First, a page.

Paul Argenti identifies three main objectives of Investor Relations (IR): to communicate actual and potential company results as understandably as possible to the investing public, to manage shareholder expectations appropriately, and to help reduce stock price volatility (147). The following case suggests an inherent interdependency among these objectives by demonstrating that a failure to met one objective can significantly compromise an organization’s ability to meet the other two objectives.
Specifically, the case explicitly illustrates how UBS AG’s failure to deliver messages about company results as understandably as possible to its investor constituency had a direct, negative effect on its abilities to also manage shareholder expectations and reduce stock price volatility.
In late 2007, as a result of the subprime mortgage crisis, Swiss banking giant UBS took dramatically increased asset value write-downs shortly after having disclosed smaller write-downs on the same assets. (For example, in December of 2007, UBS announced an increased $10 billion asset write-down, only three weeks after taking a $4.4 billion write-down in connection with the same assets.)
Shareholders and critics called such “piecemeal” asset valuation disclosures into question, and SEC Chairman Christopher Cox urged financial service firms like UBS to disclose “more information about their exposure to potentially problematic loans” (Taub). Underlying this disclosure issue faced by UBS was the fundamental difficulty many companies were experiencing in valuing the troubled mortgage-backed assets that served as the catalyst for the subprime crisis.
At an emergency shareholder meeting in February 2008, embattled then-UBS chairman Marcel Ospel defended the company’s communication policy, brandishing public criticism as “utter nonsense.” Two months later, Ospel stepped down as chairman and was replaced by a controversial “in-house” successor, Peter Kurer, compounding discontent among shareholders, who notched up the pressure on the new chairman to right the sinking UBS ship.
This case study explores UBS’s communication conflict with shareholders in the final months of Ospel’s chairmanship as well as Kurer’s initial communication options in attempting to quell the growing shareholder revolt. Going forward, how can UBS more faithfully disclose further asset value write-downs to the full understanding of its investor constituency without significantly destabilizing its stock price, especially in light of the difficulties involved in accurately valuing its most troubled assets?
Background of the UBS Crisis
UBS AG is one of the world’s leading wealth management and investment banking firms, employing more than 75,000 people in over 50 countries around the globe. Before it became an international financial powerhouse in the 1990s, Switzerland’s market leader in retail and commercial banking was a slow-growing, provincial model of Swiss prudence and careful discretion, with a rich and varied history dating all the way back to the mid-19th century.
Two Banks, One Pattern of Success
In 1854, six private bankers in Basel, Switzerland started the Bankverein (“Joint Bank”) in response to the growing credit needs of Switzerland’s railroad and manufacturing industries. In the following decades, the bank experienced ups and downs due to fluctuations in Swiss industry and trade. Nevertheless, the bank played an important role in the establishment of new industrial companies within Switzerland. In 1917, the bank’s name was changed to Swiss Bank Corporation.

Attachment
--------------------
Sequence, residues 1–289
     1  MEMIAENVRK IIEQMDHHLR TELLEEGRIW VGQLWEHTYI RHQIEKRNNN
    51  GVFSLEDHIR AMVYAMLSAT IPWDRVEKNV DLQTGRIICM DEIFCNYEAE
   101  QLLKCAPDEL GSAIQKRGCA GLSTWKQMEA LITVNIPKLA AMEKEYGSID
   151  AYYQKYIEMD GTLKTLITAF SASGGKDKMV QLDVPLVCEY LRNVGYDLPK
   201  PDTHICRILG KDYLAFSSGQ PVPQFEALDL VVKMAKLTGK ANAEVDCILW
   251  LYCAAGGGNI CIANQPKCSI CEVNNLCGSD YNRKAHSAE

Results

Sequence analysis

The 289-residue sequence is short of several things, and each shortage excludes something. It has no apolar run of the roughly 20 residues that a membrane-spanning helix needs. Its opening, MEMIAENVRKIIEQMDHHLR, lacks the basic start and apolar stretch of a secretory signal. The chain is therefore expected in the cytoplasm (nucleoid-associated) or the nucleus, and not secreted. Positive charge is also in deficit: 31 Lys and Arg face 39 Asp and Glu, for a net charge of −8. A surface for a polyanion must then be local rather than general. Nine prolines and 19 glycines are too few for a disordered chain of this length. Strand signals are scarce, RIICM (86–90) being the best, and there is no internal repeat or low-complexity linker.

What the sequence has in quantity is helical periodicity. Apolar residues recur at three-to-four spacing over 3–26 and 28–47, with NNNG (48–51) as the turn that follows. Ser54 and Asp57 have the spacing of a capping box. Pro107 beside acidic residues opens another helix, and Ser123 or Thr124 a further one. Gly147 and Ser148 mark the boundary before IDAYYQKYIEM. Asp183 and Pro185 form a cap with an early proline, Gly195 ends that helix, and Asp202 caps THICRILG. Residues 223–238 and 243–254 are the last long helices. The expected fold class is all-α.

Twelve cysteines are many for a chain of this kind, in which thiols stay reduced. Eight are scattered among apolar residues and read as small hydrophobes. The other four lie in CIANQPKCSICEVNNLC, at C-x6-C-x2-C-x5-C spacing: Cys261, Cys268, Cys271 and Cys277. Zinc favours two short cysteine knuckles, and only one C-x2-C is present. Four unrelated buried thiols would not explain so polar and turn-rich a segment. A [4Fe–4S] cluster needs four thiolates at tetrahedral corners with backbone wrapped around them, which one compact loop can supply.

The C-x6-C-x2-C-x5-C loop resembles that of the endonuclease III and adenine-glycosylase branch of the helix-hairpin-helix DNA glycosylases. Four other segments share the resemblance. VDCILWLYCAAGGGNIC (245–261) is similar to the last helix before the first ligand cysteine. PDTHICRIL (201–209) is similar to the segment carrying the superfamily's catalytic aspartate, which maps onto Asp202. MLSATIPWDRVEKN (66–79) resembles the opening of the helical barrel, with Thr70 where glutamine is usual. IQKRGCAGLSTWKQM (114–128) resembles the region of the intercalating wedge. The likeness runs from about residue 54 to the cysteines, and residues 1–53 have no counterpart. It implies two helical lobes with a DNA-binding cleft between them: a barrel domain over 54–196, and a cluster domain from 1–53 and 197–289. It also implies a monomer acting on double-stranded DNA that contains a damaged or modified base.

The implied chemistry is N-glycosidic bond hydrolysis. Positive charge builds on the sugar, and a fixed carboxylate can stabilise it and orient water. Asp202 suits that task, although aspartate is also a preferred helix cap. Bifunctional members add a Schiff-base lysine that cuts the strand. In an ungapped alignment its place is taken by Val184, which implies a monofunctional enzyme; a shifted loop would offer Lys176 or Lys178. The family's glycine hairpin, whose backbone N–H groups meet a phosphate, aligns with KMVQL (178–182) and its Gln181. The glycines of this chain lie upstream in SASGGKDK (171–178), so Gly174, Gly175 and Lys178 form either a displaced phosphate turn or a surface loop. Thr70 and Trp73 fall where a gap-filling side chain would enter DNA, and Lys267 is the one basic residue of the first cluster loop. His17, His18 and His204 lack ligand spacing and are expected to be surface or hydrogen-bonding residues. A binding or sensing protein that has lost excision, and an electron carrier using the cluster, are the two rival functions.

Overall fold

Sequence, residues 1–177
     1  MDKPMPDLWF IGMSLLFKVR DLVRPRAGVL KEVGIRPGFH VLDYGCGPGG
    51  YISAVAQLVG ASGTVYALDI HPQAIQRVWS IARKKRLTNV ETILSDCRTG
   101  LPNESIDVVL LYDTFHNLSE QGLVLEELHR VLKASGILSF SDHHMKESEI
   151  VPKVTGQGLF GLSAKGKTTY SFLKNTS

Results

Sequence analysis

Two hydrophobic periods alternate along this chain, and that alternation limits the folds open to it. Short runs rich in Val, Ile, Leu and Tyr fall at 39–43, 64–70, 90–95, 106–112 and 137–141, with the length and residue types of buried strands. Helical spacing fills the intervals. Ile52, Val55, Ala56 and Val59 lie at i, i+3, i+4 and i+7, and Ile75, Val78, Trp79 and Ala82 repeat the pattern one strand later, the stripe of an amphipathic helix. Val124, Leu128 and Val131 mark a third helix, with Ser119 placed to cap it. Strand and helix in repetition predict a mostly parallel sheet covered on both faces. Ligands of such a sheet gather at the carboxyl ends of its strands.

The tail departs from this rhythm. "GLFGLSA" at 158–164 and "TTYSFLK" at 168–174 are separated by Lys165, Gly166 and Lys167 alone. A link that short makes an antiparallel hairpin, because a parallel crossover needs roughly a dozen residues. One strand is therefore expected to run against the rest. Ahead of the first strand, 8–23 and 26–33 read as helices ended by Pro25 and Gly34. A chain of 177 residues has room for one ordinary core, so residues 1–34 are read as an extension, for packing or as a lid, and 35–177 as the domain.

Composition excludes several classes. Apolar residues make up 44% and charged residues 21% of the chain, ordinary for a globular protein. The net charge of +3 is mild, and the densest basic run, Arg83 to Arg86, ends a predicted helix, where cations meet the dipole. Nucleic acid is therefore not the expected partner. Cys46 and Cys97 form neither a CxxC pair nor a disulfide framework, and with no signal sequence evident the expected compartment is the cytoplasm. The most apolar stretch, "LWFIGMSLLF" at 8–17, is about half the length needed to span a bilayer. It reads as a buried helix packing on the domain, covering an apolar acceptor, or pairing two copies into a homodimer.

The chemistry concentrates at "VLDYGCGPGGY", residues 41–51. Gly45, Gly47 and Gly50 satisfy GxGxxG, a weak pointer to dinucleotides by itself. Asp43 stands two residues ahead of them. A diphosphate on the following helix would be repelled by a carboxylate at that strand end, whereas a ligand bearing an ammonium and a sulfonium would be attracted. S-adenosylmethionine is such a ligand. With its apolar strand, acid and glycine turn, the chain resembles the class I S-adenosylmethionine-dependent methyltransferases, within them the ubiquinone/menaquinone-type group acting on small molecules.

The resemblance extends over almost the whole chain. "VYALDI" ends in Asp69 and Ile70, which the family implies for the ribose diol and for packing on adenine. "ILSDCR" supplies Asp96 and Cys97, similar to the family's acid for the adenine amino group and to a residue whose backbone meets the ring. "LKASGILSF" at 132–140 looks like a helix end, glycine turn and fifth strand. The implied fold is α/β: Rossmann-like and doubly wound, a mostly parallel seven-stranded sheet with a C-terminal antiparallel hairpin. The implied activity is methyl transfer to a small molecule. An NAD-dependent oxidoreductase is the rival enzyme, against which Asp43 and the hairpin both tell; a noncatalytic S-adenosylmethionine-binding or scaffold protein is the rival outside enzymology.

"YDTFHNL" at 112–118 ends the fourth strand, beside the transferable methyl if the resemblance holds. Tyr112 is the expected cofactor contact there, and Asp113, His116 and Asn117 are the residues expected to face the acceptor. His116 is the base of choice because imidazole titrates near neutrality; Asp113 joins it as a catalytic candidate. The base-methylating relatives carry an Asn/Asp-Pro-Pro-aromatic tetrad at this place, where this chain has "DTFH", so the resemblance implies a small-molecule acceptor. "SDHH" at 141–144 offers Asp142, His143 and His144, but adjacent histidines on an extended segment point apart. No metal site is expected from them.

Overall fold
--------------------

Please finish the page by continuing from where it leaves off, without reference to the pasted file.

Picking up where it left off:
The bank continued to grow through Switzerland’s industrial expansion and foreign trade, as well as through the acquisition of smaller, weaker financial institutions. During World War I, the bank supported neutral Switzerland’s wartime economy. Unlike other banks, Swiss Bank Corporation survived the war’s most daunting financial pressures and threats.
In 1924, the bank began to help rebuild the international economic system by extending loans to other countries. At the end of World War II, Swiss Bank turned to financing private rather than state industry and to rebuilding the devastated economies of Europe. By 1947, Swiss Bank was once again lending money abroad, contributing heavily to Switzerland’s efforts to help its neighboring countries rebuild in the late 1940s. By 1958, the bank’s assets had doubled, and they doubled again by 1964. Fueling this growth was an increasing number of domestic and international bank branches.
Union Bank of Switzerland (UBS) was formed in 1912 when Bank of Winterthur (founded in 1862) and Toggenburger Bank (founded in 1863) merged. UBS prospered through the 1920s, but struggled along with most of the rest of the world during the Great Depression. It recovered after World War II, thanks to a strategy of developing its domestic business by opening additional branches and acquiring smaller institutions in Switzerland. By 1962, UBS was the biggest bank in Switzerland (FundingUniverse.com).
UBS AG was eventually formed in 1998 by the merger of Swiss Bank Corporation and Union Bank of Switzerland. It is something of a marvel that UBS still stands at all, however, as the position of prominence seized by the bank at the close of the 20th century came at a severe price just a few years later.